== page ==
Spousal Benefits when Married to a Disability Recipient

Posted December 7, 2018 by Premier Disability Services, LLC®

If your spouse receives Social Security Disability Insurance (SSDI), you may be entitled to Social Security spousal benefits under certain circumstances. You may be eligible for benefits if you meet one of these three requirements:

  • You are at least 62 years of age (unless the total benefits you would receive from your earnings record is higher),
  • you are caring for your spouse’s minor child (under the age of 16), or
  • you are caring for your spouse’s disabled child (regardless of whether or not they are over the age of 16).

If you are eligible for spousal benefits, you and any dependent children may receive up to 50% of the total SSDI benefits your spouse receives. This means that the sum total of benefits you and your dependent children receive will equal no more than 50%—you and your dependent children do not each receive up to 50% of the total benefits earned by your spouse.

The Social Security Administration (SSA) will first pay you any benefits you have earned from your own earnings record. If the amount of benefits you would receive based on your spouse’s disability benefits is higher, however, the SSA will combine the benefits to ensure you receive the greater amount of benefits. It is important to note that, although you may be eligible for spousal benefits at the age of 62, your benefits will be permanently reduced if you apply for them prior to your full retirement age. This does not apply if you are caring for a dependent, however.

If you were previously married to an individual who received SSDI, you may still be entitled to spousal benefits. In order to be eligible, the following must apply to your situation.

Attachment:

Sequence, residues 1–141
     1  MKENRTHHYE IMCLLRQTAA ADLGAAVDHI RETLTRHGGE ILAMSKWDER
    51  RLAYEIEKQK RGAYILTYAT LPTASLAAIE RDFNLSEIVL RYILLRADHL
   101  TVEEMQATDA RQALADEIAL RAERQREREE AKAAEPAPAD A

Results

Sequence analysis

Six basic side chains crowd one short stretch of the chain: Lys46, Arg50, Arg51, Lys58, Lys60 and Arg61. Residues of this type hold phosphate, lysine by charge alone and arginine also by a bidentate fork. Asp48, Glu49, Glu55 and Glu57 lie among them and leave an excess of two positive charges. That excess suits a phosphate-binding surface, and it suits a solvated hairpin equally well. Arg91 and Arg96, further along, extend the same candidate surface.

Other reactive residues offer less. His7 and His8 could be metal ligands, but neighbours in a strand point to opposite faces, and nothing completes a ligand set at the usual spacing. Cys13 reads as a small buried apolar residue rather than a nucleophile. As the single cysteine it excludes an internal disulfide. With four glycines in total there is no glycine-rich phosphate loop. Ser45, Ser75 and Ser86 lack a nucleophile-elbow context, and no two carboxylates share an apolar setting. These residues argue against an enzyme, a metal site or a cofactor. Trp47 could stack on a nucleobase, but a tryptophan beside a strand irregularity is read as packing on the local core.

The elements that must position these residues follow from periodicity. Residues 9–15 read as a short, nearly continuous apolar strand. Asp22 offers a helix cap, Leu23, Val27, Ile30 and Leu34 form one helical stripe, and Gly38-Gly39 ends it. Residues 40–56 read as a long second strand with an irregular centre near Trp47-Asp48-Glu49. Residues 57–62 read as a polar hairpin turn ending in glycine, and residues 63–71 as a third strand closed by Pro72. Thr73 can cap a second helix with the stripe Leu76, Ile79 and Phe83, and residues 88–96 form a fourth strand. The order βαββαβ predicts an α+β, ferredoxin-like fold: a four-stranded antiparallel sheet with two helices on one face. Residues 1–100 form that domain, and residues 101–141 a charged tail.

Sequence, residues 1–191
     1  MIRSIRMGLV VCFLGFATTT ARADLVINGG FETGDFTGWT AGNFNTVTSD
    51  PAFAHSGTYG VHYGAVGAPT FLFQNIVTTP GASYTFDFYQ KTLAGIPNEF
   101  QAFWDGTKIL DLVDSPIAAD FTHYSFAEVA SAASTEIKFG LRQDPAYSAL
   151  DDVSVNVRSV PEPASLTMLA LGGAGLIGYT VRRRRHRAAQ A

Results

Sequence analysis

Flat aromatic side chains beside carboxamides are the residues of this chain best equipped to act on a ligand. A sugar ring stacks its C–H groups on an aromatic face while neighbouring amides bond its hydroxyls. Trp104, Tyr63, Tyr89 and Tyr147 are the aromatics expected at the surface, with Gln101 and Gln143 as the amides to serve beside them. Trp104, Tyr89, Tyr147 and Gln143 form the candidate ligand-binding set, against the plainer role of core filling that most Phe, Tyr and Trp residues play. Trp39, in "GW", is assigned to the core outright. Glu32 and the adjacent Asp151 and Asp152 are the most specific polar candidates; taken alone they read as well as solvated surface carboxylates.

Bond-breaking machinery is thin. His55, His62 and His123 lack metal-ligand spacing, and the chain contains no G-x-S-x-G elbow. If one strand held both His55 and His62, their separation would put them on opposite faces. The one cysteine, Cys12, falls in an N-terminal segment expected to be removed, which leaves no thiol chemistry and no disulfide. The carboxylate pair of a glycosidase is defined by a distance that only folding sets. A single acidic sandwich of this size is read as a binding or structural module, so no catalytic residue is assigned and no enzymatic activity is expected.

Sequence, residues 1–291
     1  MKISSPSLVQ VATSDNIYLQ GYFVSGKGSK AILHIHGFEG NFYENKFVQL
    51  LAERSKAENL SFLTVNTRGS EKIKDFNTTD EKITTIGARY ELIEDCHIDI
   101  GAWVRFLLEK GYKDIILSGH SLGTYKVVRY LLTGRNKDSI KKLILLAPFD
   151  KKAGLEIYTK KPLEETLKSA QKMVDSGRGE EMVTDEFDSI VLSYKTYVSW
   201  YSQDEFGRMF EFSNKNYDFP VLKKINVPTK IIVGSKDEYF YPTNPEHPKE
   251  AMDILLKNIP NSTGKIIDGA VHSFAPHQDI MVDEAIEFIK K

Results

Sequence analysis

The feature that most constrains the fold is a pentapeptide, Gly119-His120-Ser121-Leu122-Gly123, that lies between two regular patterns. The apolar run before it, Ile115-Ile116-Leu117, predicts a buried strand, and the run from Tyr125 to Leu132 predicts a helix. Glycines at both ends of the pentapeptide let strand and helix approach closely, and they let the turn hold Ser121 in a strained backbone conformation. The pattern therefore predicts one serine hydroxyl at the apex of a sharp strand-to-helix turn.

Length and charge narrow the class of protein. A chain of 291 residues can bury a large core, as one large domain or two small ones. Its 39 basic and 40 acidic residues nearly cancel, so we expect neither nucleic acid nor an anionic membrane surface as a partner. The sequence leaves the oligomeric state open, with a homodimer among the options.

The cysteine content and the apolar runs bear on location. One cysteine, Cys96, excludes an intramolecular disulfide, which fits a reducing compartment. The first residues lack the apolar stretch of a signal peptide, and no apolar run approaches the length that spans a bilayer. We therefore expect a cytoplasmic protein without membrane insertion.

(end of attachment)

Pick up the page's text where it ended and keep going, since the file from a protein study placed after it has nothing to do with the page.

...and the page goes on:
• You must have been married for at least 10 years,
  • you must be at least 62 years old,
  • you must be unmarried (unless your new spouse is also eligible for SSDI benefits)
  • and you cannot receive any benefits based on your personal earnings record in an amount greater than or equal to your former spouse’s.

Individuals who receive SSDI and have an ex-spouse who is eligible for spousal benefits should note that, should they remarry, any benefits their new spouse receives will not be impacted by the benefits their former spouse receives.

If you believe you are eligible for spousal benefits, you must contact the SSA. The SSA will require your birth certificate, Social Security number, marriage certificate and information about any previous marriages, if applicable.

From: Joyce Trudeau of Premier Disability Services, LLC®

The Adult Disability Report (ADR)

Posted November 30, 2018 by Premier Disability Services, LLC®

After you apply for Social Security disability benefits, the Social Security Administration (SSA) will begin gathering information about your medical conditions and symptoms, and how these affect your ability to do different things, such as stand for any length of time, lift things of various weights, or work on tasks that require concentration. Their goal is to determine if there is any type of job that you would be able to perform on a regular basis.

To help make this determination, the SSA will review your medical records, and may ask your doctor to fill out a report, or send you out for an examination at the SSA’s expense. However, they are also interested in your input as to what symptoms you experience and how they affect your ability to work. Having you complete the Adult Disability Report (Form SSA-3368) is one of the ways they get this information from you. The ADR is the basic form used for adults who are claiming disability benefits. You should fill the form out yourself, and though you may have a representative such as a Social Security Disability attorney or advocate help you with it, you should not have your doctor fill out any of it. The SSA has other forms which they will ask your doctor to fill out on your behalf.

Much of the ADR is simple and straightforward. You should always answer all questions as completely as you can. Don’t leave anything blank. If any section does not apply to you, write N/A in it. While the form itself isn’t complicated, there are some things you should know about filling it out, especially if you do it yourself. Here are some tips for filling out this form:

  • In Section 3 (MEDICAL CONDITIONS), make sure that you list each and every medical or mental problem that you have. Use additional paper if you need to. Explain how they limit your ability to work. Often, a person with several medical conditions will be approved for disability benefits even if none of the medical conditions would have qualified in and of itself.